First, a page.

Also like the Sadducees, Jesus lays down in His answer a twin set of ideas that He holds together in tandem that the Pharisees wanted to separate. He summarized the entirety of their precious "Law and the Prophets" under two commands: love God and then love people. Again, there are many (both credulous and skeptical) who will not abide such a union. For some, the only true command is to love God, to develop the private spirituality of the devotional and the closet. Other people are merely distractions, having no real value in and of themselves other than being teaching tools to learn more about God. They become means to an individual end, no more and no less. Meanwhile, for others, the only true command is to love people, to develop the public spirituality of missional friendship. "Quiet Time" and other devotional trappings are merely stumblingblocks to religious work and activity in the community. Even church becomes a distraction, having no real value in and of itself other than being a convention center to gather more people. The resulting spirituality of the former is an isolated occultism that grows weary of others. The resulting spirituality of the latter is an endless guilt-induced sense of doing that also grows weary of others. Again, they have divorced what Jesus never divorced.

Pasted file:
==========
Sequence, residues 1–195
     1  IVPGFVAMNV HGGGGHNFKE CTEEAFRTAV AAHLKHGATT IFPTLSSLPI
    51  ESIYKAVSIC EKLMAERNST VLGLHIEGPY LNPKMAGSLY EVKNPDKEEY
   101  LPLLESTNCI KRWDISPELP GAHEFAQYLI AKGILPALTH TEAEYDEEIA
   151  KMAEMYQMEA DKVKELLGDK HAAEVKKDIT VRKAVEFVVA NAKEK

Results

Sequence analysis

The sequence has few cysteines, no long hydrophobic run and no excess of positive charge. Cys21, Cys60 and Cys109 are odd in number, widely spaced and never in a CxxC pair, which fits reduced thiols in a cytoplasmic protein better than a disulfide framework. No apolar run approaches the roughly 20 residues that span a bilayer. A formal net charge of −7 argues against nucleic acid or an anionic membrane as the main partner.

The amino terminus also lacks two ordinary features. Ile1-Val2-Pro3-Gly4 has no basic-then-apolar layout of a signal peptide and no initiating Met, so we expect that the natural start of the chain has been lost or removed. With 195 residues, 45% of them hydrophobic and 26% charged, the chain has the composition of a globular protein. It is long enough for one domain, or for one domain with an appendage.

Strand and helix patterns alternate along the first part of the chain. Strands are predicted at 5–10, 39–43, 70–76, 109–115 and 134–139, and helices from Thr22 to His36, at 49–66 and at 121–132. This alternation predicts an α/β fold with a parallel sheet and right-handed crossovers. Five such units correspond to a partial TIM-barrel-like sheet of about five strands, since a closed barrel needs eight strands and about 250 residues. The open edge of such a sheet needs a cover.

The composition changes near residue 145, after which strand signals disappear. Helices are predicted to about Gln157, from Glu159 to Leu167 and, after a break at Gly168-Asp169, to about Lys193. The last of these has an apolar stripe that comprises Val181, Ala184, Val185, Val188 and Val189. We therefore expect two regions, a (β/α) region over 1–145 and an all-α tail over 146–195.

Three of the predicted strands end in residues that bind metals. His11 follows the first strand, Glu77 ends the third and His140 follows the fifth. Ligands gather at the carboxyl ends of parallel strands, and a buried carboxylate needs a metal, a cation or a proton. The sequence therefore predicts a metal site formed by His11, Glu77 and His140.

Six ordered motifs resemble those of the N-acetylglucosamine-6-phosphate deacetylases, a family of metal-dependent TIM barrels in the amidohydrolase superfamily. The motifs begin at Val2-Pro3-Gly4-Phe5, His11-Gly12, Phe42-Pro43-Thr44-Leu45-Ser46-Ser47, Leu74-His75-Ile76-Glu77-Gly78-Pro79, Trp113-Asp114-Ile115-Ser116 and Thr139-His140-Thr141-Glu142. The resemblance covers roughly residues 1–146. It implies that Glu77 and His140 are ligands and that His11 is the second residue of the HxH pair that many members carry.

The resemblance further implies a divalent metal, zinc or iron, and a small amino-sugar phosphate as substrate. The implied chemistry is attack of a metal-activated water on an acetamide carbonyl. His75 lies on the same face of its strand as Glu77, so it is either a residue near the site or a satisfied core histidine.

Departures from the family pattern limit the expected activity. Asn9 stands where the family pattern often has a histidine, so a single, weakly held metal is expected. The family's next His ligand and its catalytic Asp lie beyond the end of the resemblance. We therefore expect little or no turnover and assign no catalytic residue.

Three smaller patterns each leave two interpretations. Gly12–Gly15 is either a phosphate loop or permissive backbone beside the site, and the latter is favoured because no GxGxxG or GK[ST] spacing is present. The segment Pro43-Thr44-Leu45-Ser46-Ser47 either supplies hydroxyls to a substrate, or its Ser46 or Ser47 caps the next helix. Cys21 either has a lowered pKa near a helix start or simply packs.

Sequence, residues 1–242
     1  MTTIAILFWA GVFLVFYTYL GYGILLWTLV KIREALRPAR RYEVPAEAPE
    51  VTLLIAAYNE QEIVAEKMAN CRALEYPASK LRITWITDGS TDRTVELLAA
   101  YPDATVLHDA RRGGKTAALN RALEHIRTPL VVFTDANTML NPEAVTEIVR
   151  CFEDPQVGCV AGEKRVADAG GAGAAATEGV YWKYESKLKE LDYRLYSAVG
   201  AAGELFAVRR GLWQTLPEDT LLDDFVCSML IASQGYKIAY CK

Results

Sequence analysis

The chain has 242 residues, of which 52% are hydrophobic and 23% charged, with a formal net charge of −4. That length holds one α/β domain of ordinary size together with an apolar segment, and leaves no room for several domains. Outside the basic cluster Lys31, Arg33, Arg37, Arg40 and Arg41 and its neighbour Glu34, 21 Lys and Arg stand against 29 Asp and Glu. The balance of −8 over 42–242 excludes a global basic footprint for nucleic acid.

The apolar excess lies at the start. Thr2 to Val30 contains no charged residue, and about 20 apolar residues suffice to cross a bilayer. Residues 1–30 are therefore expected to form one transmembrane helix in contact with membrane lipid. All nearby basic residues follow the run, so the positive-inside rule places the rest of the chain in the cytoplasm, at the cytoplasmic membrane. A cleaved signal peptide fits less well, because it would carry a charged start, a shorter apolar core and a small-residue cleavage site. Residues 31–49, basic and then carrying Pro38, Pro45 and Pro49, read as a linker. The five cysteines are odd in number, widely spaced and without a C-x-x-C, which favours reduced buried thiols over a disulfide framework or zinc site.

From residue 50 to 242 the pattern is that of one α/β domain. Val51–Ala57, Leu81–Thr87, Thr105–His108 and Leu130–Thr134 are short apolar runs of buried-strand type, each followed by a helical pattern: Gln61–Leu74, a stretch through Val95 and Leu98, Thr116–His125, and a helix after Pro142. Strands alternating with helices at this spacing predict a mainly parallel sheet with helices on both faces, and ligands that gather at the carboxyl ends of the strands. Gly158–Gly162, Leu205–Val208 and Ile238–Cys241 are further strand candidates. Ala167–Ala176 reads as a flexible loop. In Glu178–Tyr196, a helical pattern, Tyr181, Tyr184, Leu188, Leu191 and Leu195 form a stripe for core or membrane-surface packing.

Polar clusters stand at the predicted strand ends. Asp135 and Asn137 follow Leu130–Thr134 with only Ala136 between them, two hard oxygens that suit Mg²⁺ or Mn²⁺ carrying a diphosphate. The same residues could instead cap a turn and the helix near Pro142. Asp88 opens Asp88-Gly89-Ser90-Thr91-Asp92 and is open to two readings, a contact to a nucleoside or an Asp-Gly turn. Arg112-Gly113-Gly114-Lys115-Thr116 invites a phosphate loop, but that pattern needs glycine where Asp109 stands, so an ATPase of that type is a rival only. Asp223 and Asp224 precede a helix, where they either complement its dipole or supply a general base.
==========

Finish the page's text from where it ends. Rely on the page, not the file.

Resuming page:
All of these silly, unnecessary divorces that we see back then and still today are fundamentally anti-incarnational. In some way or another, they deny "the Word made flesh". For some, "the Word" in its uncreated exaltation is everything: doctrinal discovery followed by a spiritual introspection that never learns to work itself out "through the fingertips." For others, "the flesh" in its rugged reality is everything: continual immersion and outward activity that has no greater foundation than our own emotional sentimentalism. Both ways are incomplete, and thus are wrong. Both ways have partial truth, and thus are dangerous. Each can bash the others weakness from their own strong point. The former can bash the latter for their "worldliness" and scriptural compromise, while the latter can bash the former for their "insensitivity" and lack of concern for the Kingdom of God. Both positions are right in pointing out the others error. In other words, both positions are right, thus both positions are wrong.